Returning temporary var

#1
#[derive(Debug, Clone, Copy)]
pub struct Vec2f(pub f32, pub f32);

impl Vec2f {
    pub fn new() -> Self {
        Vec2f(0., 0.)
    }
}

#[derive(Debug, Clone, Copy)]
pub struct X<'a>{
    pub v: &'a Vec2f,
}

impl<'a> X<'a> {
    pub fn new() -> Self {
        X{
            //v: &Vec2f(0., 0.)  <-- This Works, why?
            v: &Vec2f::new()
        }
    }
}



fn main() {
    let x = X::new();
    println!("{:?}", &x);
}

(Playground)

1 Like

#2
//v: &Vec2f(0., 0.) <-- This Works, why?

It works because you’ve defined Vec2f() to be a tuple struct and you can define a tuple struct variable/static/constant/field in Rust like you do with structs but instead of the struct way:

struct Bar {
    eggs: i32
}

const Foo = Bar { eggs: 0 };

you do:

struct Bar(i32);

const Foo = Bar(0);

And yes, both ways are valid.

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#3

It works because Vec2f(0., 0.) is a literal constant. So &Vec2f(0., 0.) is a reference to a constant, which has the 'static lifetime. The 'static lifetime is longer than any other lifetime, so you can always return it whereever a reference is required.

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#4

In other words, this function here, (Which demonstrates the same behavior at compile time)

pub fn foo<'a>() -> &'a i32 {
    &0
}

can be annotated like so:

pub fn foo() -> &'static i32 {
    &0
}

because the data is constant, and is therefore embedded into the application. Similar to how this:

let x = "abc";

implicitly defines this:

let x: &'static str = "abc";

Therefore, in your example, because the memory representation of your tuple struct can be reinterpreted as a pair of f32s, they can be embedded into the end compilation result, and will be present for as long as your application will live.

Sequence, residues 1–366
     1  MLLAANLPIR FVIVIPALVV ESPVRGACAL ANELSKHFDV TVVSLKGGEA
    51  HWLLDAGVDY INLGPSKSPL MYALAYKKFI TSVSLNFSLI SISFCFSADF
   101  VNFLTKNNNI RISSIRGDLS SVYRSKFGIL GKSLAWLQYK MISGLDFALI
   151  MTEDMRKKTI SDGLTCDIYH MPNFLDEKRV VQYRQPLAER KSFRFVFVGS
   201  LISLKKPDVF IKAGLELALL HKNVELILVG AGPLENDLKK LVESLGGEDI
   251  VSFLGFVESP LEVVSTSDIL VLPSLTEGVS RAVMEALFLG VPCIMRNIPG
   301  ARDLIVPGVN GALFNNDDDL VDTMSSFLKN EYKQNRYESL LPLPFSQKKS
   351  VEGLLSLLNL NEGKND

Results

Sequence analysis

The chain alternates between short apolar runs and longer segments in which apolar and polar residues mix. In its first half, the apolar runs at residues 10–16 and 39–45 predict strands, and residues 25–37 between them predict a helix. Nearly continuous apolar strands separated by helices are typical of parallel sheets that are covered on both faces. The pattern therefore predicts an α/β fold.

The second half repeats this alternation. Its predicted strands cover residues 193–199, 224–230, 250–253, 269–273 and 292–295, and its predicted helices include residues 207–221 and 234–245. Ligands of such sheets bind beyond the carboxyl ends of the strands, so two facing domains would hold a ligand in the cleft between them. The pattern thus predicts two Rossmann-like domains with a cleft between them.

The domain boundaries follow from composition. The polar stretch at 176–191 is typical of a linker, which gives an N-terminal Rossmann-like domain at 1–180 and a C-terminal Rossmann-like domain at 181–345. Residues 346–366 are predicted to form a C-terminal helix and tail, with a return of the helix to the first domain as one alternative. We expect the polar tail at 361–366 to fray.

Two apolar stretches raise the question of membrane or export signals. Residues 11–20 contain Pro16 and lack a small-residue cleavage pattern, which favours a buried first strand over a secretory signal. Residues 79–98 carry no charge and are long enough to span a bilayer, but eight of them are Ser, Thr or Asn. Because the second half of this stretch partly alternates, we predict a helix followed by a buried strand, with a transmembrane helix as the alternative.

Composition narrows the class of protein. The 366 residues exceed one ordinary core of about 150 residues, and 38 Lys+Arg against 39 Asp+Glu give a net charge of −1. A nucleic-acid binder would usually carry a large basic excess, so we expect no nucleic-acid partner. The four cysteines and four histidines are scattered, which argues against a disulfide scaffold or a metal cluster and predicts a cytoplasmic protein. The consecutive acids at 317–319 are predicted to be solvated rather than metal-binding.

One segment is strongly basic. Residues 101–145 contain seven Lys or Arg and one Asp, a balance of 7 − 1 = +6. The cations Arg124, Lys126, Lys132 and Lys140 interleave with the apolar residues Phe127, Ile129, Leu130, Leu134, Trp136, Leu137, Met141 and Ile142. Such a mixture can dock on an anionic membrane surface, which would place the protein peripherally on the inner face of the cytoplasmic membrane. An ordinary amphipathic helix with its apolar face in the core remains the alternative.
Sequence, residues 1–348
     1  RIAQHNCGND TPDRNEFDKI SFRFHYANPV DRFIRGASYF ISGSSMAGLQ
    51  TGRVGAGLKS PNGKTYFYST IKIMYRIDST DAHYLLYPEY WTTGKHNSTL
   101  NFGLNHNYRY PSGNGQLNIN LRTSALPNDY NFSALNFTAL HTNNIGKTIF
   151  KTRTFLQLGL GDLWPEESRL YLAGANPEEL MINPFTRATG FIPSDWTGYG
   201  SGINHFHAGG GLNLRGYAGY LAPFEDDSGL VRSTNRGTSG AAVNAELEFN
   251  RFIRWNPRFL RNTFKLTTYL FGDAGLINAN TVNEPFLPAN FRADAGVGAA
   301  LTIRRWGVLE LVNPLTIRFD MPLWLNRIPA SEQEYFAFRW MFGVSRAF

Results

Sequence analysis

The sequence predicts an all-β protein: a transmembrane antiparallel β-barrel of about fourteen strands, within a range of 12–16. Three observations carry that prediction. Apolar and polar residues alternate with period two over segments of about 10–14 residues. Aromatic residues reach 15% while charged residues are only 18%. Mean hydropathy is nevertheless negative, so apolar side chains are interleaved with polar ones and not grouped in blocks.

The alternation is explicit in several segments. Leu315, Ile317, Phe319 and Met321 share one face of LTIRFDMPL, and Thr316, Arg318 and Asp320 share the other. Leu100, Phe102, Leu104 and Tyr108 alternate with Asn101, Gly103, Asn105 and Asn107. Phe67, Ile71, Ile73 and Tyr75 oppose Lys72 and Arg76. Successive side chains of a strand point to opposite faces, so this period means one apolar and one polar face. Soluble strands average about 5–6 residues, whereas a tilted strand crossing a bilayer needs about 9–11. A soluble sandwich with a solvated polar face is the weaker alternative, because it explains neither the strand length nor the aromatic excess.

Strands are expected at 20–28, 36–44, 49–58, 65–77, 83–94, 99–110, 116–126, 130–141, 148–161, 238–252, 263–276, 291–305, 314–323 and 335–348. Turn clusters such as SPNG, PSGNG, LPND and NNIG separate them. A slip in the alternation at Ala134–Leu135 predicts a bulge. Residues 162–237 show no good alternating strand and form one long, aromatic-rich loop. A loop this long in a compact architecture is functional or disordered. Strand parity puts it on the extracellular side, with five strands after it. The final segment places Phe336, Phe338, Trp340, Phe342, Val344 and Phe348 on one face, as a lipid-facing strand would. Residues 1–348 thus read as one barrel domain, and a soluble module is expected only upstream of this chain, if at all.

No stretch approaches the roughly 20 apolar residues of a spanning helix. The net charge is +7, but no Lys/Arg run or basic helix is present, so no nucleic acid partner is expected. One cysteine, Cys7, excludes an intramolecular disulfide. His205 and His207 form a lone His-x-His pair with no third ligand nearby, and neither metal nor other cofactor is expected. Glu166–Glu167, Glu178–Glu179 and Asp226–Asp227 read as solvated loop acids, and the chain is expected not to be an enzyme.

Surely enough, if we do this in the playground, we can see that there is a static value there:

pub struct X<'a>{
    pub v: &'a Vec2f,
}

impl<'a> X<'a> {
    pub fn new() -> Self {
        X{
            v: &Vec2f(3.14159265358,
                      2.71828182846)
        }
    }
}

compiles into:

playground::X::new:
	pushq	%rax
	leaq	.Lanon.9113c71b4319b58548ae0c69a786d385.0(%rip), %rax
	movq	%rax, (%rsp)
	movq	(%rsp), %rax
	popq	%rcx
	retq

.Lanon.9113c71b4319b58548ae0c69a786d385.0:
	.ascii	"\333\017I@T\370-@"

(where we can see the static data in the .ascii entry at the bottom)

1 Like

#5

If you’re new to Rust, avoid using references in structs.

They don’t do what you think — they’re not for storing things by reference. In Rust the distinction is about ownership, which is different and takes some practice to “get”.

A temporary borrow & can’t exist without the thing it borrows having owned storage somewhere. The construct return &Something::new() doesn’t make sense in Rust, because it borrows a value that will cease to exist immediately after.

You can borrow value of a variable while this variable exists. You can borrow a field of an object while that object/field exists. You can borrow value of a literal/constant expression, because that expression is stored in your program’s executable. But you can’t borrow a temporary expression, because that value isn’t stored anywhere (yet).

4 Likes

#6

I will be surprised if your code did worked out. Others on this thread had pointed out and answered you but I think I should also point out an alternative way of achieving what you wanted…Another Playground…

Please check what i changed in your original post and some little comments. Hope it helps.

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#7

Crystal clear, thanks

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